NNLM Reading Club: Digital Health Literacy

NNLM Reading Club: Digital Health Literacy


Digital Health Literacy
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Digital Health Literacy

Much of our healthcare today runs on digital devices. Think telehealth or telemedicine; electronic health record (EHR) or electronic medical record (EMR); mobile health apps (mHealth); emailing your doctor and more. While this connectivity is helpful, healthcare consumers or patients need to have digital health literacy to effectively partner in their health care. There are still gaps for inequitable access, and sometimes the reality of our digital health tools falls a bit short of their initial promise.

The World Health Organization(link is external) defines digital health literacy as the ability to seek, find, understand, and appraise health information from electronic sources and apply the knowledge gained to addressing or solving a health problem.

However, the Pew Research Center(link is external) reports that the internet is the de facto choice for more than a third of U.S. adults searching for medical information. And did you know that a Google search for "cancer" will produce over 800 million results? That is an overwhelming amount of information! No wonder millions of Americans struggle to find and use online health information.


Guides

  • The Office of Disease Prevention and Health Promotion (ODPHP) Health Literacy Online(link is external) is a research-based guide for simplifying the User Experience when it comes to creating intuitive health websites.
  • The U.S. Department of Health & Human Services has a best-practice website, usability.gov(link is external), to learn how to create a user-centered product.

Precision Medicine

If there is one overarching trend to all the advances in medical technology, it is the personalization of medicine and treating individuals as such. Source: The Ten Hottest Medical Technologies in 2019

 

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Technology Is Changing Medicine.... and Library Service

When the COVID-19 pandemic forced libraries temporarily to close, the virus also created an opportunity for libraries to demonstrate their increasingly important role as partners for healthy communities.

Libraries can play a crucial role in helping their patrons access quality online health information by:

  • Providing access to computers and high-speed internet
  • Helping users develop the digital literacy skills needed to use the computer (e.g., how to use a mouse)
  • Helping users develop the necessary skills to evaluate online health information resources

Instruction

Laptop screen displaying the words Health Literacy

From accessing your personal Electronic Health Record (EHR) to using TeleHealth for a routine medical visit, digital health literacy is increasingly integrated into our everyday lives. Visit NNLM All of Us Digital Health Literacy and NNLM All of Us Learn Internet Skills to discover resources, including digital health literacy training curricula and courses, to help individuals in your community become more skilled and knowledgeable technology users.

Infographics

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Internet

The Federal Communications Commission (FCC) reports that more than 21 million Americans lack broadband access(link is external), and Pew Research reports that 77 percent of Americans without Internet access depend on libraries(link is external). So it was fortunate that when libraries closed due to the pandemic, they did not stop providing this essential service. Libraries extended remote access coverage outside the building. While sitting in a parked vehicle or on a park bench, communities continued to access free WiFi to complete homework or upload job applications.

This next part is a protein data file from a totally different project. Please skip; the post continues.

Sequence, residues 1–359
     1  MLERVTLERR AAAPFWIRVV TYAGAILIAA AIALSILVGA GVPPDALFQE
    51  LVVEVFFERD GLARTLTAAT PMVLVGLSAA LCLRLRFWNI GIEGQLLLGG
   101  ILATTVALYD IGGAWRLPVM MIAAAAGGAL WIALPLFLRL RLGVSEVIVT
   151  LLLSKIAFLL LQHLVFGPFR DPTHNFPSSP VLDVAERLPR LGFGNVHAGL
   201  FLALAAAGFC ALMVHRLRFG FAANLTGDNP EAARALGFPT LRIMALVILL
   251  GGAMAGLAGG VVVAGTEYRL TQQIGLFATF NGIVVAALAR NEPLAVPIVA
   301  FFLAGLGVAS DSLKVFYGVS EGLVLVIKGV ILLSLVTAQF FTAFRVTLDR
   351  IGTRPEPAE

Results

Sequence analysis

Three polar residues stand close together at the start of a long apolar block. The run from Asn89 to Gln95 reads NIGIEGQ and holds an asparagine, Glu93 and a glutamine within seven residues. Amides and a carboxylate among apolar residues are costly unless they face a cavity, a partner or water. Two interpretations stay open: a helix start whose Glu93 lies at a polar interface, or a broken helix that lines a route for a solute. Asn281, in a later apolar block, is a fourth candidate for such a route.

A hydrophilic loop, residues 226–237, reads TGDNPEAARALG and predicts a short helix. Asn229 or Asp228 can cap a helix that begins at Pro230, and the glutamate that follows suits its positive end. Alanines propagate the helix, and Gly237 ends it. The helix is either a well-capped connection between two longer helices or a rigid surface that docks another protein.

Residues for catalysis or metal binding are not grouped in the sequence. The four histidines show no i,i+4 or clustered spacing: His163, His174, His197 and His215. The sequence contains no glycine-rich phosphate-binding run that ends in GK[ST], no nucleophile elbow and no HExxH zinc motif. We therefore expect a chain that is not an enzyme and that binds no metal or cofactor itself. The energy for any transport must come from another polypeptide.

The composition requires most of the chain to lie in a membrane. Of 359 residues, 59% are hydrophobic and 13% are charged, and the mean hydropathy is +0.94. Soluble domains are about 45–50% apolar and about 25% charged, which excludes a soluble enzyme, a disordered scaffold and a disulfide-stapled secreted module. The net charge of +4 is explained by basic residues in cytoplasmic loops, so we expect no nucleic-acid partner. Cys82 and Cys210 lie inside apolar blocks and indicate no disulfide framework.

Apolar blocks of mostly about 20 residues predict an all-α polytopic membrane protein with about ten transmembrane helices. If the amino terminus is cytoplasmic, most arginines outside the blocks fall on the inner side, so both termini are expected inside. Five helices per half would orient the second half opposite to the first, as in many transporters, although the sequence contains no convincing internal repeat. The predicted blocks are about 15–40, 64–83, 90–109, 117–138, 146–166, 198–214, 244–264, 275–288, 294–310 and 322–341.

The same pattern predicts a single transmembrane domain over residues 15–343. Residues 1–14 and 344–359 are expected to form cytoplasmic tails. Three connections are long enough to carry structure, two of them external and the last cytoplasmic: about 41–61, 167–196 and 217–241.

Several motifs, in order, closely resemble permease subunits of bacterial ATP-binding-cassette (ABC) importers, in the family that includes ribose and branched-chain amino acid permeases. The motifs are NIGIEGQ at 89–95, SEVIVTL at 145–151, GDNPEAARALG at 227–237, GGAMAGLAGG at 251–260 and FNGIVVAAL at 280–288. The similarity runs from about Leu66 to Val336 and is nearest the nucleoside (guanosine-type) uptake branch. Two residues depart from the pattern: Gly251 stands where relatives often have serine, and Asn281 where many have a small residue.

Woman holding a Fitbit box

Wearable Devices

If you thought libraries only loaned books and DVDs, think again. Library of Things often includes health technology such as Fitbits. Learn how libraries are incorporating wearable devices into their health outreach programs: Summit Fitbit Cohorts(link is external)Capital Area District Libraries(link is external), and Huron Public Library(link is external).

"From Fitbits to Apple Watches, patients are generating a significant amount of data on wearables, and the use of wearables is anticipated to increase nearly 25 percent by 2026..." Source: Medical Technologies in 2020: The Top Innovations for Clinicians. By Debra Wood, RN, contributor. StaffCare. Dec 19, 2019(link is external)

 

3D Printing

CreativeMaker Spaces in public libraries were enlisted for the emergency manufacture of face shields that were in short supply during the COVID-19 outbreak. Using 3D to Make PPE: Library resources help create much-needed face shields by Cass Balzer. American Libraries. April 3, 2020(link is external). The Columbia University Libraries even created an online resource, ​Guide and Design for Rapidly Produced Face Shields(link is external).

Deep Medicine
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NNLM Reading Club Book Kit

Do you want to share this book with your reading club? The Network of the National Library of Medicine (NNLM) has made it easy to download the discussion questions, promotional materials, and supporting health information.


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Join Us for a Discussion of Deep Medicine

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Discussion

Discussion Guide for Deep Medicine: How Artificial Intelligence Can Make Healthcare Human Again
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Book

Book cover image of Deep Medicine